Martin Luther King Jr came.
Malcolm X came.
Medgar Evers came.
Countless uncelebrated people came.
They realized that no one was coming to save them either.

So they sacrificed their lives, their families, their homes, their livelihoods.
Sacrificed their reputations, their anonymity, their safety.
Sacrificed their comfort, their ease, their most intimate relationships.
And many of them were murdered for their efforts.
They were vilified.
They were ostracized.
They were criminalized.
But they didn't give up.
We won't give up.

We will gather five more times - feel free to join us.
We will read one chapter of this powerful book each week.
We will ask and answer questions.
We will hear and tell more stories.
We will bring our whole selves to these gatherings and to this work.
We will commit ourselves to engaging in justice work, intervening when we hear and see racism at work, challenging ourselves when we are complicit in oppressive systems, and otherwise find ways to both "step up and step back" as we are educating ourselves to engage.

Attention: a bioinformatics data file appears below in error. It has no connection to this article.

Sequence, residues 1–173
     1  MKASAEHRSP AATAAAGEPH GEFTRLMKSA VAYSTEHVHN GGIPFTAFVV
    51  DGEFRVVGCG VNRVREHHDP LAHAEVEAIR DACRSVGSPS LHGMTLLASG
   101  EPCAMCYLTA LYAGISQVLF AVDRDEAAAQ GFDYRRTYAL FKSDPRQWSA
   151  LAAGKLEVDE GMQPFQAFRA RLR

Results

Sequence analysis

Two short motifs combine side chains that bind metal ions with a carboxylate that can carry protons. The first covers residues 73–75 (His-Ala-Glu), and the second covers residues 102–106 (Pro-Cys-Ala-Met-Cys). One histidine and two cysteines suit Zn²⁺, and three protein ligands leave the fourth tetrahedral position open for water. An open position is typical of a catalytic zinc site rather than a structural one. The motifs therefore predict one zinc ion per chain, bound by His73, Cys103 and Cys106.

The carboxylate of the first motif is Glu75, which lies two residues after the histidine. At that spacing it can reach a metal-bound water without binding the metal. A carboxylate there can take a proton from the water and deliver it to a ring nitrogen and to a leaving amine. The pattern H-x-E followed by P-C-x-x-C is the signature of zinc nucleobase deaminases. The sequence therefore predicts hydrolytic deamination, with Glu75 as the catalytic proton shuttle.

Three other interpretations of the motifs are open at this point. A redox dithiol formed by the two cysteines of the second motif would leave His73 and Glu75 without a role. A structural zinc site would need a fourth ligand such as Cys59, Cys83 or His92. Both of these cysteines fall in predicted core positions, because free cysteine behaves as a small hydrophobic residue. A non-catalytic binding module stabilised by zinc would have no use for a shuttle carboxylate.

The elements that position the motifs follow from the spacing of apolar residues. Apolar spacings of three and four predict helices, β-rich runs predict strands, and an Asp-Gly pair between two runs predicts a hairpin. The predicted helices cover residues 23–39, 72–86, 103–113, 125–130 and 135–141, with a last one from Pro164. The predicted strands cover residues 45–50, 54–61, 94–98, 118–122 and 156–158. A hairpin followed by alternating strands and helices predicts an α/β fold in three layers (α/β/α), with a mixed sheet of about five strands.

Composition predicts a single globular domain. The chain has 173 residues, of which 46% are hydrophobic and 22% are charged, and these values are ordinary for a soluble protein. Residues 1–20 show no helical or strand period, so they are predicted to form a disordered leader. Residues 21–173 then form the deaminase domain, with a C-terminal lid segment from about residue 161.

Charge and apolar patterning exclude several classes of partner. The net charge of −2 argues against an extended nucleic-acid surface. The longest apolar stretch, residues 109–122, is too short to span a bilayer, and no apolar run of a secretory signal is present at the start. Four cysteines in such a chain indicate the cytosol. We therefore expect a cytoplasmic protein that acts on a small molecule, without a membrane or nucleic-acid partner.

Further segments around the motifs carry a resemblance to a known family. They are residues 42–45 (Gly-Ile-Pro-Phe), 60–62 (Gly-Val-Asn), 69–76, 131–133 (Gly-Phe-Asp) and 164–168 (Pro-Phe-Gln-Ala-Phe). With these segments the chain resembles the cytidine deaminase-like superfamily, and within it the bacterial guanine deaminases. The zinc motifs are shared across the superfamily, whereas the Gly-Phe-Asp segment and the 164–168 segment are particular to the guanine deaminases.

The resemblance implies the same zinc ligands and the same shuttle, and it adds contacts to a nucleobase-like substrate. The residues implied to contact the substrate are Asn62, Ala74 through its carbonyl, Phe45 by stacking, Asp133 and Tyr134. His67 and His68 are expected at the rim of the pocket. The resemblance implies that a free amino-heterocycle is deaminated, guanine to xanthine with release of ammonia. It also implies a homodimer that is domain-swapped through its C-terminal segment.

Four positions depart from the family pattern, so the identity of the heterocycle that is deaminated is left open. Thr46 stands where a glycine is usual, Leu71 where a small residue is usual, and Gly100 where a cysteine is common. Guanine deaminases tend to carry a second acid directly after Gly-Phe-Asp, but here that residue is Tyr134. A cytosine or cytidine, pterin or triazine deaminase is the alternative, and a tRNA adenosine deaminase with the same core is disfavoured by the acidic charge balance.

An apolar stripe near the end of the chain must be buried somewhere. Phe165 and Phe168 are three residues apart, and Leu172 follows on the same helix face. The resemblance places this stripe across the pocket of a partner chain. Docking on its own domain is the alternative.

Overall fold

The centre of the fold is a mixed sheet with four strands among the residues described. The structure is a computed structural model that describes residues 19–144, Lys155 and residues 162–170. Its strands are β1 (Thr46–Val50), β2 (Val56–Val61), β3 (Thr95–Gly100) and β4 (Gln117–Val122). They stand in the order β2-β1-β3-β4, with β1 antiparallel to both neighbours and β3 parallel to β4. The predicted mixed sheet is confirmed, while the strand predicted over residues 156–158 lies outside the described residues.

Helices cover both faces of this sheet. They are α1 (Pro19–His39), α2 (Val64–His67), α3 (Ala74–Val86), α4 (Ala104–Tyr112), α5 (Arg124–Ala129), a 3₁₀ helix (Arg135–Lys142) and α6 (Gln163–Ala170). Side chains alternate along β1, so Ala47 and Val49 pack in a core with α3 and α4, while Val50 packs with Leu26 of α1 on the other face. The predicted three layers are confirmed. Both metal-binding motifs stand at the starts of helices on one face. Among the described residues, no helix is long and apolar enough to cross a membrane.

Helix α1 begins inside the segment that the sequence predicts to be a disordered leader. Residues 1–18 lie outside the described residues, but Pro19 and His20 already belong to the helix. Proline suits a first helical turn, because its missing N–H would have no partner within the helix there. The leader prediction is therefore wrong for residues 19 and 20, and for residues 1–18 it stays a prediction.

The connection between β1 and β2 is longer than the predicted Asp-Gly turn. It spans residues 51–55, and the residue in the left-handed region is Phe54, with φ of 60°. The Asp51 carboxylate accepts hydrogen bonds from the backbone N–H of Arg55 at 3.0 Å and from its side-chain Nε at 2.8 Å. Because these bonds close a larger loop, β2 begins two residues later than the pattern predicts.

Because no one is coming to save us.

We have to do the hard work that our nation needs, that our state needs, that our city needs, that our neighborhoods need, that our family members need if we are ever going to be the land where all are free and a home where all residents feel safe, regardless of skin color, religion, country of origin, gender, sexual identity, and every other category that has been used to separate and isolate us.
We have to read and learn, research and study on our own, for ourselves.
We are not going to sit back and expect someone else to teach us what we need to know.
We are not going to rely on the facilitator to bring all the answers or even all the questions.
We are not going to wait for "them" to show "us" what to do and when.
We are going to work at eliminating "us" and "them" categories all together.